The logic of modern day politics
by Thomas R. Eddlem
It always perturbed me that the wide variety of neocon commentators on television regularly pronounce with such fury and unison that Ron Paul “can’t win” but never give any reasons why he couldn’t win the presidential race.
At first, I assumed that these guys would be denying he had a chance up until and including Ron Paul’s inauguration day. And why shouldn’t I assume that? The pundits probably don’t give any reasons he can’t win, I thought, because there aren’t any.
Then I thought more deeply, and found that there are plenty of reasons why Ron Paul can’t be elected. Here are the ten top reasons why Ron Paul can’t win, in the format of David Letterman’s Top Ten List. My logic is flawless. As Bill O’Reilly would say, “you can’t even argue it.”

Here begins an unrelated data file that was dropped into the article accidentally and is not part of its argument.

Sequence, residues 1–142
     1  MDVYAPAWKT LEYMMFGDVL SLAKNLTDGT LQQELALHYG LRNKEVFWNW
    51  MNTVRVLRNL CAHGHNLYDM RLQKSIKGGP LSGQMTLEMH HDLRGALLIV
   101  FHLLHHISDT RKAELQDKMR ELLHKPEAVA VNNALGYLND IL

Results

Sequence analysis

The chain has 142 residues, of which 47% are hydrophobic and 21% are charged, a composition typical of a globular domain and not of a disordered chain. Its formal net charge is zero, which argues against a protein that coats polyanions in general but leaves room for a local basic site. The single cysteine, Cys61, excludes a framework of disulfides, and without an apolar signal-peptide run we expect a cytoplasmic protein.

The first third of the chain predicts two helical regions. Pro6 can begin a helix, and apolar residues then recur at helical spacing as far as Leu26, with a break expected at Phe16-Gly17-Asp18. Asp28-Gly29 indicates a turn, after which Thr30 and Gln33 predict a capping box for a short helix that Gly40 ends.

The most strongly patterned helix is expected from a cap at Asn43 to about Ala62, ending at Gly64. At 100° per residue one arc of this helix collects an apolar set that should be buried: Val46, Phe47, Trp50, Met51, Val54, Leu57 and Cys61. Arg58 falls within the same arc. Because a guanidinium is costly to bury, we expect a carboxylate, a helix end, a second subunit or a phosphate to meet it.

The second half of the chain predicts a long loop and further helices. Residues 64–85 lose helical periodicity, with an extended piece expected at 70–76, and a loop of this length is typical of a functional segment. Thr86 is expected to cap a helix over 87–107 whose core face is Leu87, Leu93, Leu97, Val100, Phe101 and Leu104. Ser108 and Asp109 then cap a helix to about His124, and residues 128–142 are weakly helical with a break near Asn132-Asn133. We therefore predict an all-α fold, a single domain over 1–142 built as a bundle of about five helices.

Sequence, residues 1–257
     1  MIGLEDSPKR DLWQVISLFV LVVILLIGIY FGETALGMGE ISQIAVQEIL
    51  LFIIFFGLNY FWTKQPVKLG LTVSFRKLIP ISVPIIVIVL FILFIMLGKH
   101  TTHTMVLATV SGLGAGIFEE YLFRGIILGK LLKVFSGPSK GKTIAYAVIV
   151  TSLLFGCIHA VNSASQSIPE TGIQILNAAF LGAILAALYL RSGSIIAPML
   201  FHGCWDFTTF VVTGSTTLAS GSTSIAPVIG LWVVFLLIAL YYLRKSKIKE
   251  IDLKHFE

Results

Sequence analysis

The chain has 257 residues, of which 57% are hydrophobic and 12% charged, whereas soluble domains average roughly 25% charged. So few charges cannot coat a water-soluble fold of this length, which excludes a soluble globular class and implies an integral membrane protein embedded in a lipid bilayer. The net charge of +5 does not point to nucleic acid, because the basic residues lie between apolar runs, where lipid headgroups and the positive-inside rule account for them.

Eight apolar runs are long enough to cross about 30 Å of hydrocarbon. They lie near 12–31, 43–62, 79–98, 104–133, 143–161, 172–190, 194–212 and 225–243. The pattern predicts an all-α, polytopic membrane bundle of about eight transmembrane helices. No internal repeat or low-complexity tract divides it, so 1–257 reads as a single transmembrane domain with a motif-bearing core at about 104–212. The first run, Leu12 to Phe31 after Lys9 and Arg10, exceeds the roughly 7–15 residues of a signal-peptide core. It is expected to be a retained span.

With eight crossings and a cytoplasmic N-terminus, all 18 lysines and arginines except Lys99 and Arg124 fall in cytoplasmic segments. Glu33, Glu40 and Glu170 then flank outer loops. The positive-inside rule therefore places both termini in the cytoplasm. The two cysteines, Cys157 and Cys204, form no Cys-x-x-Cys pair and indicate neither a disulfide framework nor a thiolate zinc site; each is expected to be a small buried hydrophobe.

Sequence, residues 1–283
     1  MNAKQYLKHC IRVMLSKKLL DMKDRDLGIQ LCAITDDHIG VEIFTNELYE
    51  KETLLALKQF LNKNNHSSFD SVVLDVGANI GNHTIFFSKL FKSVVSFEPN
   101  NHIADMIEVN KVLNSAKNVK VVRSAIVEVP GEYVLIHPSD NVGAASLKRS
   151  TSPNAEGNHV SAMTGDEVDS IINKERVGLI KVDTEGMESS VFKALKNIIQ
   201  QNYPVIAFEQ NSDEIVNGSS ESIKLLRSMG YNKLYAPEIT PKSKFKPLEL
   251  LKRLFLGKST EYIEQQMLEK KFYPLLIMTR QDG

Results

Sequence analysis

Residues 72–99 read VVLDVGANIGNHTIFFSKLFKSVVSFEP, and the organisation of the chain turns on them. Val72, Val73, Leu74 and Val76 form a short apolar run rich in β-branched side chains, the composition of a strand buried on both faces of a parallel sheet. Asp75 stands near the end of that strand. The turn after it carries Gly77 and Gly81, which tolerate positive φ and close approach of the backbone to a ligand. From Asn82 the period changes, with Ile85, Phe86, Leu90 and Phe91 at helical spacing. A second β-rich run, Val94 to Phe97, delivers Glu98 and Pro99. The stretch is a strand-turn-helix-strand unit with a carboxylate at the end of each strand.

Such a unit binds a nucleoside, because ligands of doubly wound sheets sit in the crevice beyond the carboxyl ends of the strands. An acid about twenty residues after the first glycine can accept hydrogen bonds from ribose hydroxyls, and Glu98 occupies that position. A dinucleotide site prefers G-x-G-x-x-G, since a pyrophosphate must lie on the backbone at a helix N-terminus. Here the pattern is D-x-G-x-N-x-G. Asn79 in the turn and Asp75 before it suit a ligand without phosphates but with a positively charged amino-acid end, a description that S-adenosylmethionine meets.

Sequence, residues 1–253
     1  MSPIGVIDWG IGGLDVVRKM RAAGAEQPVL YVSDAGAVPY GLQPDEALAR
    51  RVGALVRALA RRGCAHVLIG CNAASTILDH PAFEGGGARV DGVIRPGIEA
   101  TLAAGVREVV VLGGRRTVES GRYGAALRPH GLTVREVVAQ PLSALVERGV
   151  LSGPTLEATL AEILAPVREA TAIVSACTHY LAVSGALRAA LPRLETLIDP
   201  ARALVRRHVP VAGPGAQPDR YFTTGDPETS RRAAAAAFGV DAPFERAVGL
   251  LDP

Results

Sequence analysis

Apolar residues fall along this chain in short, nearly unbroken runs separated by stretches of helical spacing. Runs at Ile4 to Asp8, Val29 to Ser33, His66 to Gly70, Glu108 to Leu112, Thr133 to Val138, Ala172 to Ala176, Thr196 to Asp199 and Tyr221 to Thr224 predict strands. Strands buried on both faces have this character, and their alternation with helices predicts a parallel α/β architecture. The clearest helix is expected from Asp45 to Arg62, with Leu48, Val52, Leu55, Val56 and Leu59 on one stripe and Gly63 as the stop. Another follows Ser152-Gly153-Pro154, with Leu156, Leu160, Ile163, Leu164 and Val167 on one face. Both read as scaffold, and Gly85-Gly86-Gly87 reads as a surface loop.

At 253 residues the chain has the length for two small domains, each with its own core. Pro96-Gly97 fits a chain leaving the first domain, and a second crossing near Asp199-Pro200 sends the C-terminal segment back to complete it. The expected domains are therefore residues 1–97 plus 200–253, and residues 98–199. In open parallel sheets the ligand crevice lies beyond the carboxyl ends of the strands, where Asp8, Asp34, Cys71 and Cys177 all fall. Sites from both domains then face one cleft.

10. Ron Paul is too popular among people who know where he stands. Instant polling numbers among focus groups watching the debates have his popularity at about 75 percent. But Americans don’t vote for people who are that popular. It’s true that George W. Bush got a little more than 50 percent of the vote in 2004 – just barely – but that was a fluke. Bush’s popularity numbers have since sunk back to the traditional 25–35 percent range. Before 2004, not one of the winners in the last three Presidential campaigns even got 50 percent of the vote. Dubya didn’t even win a plurality of the popular vote in 2000. So it’s a clear modern precedent that in order to become President, you need to be unpopular rather than widely popular. Ron Paul simply can’t win if he remains that popular, and there’s no reason to believe people will begin to hate him.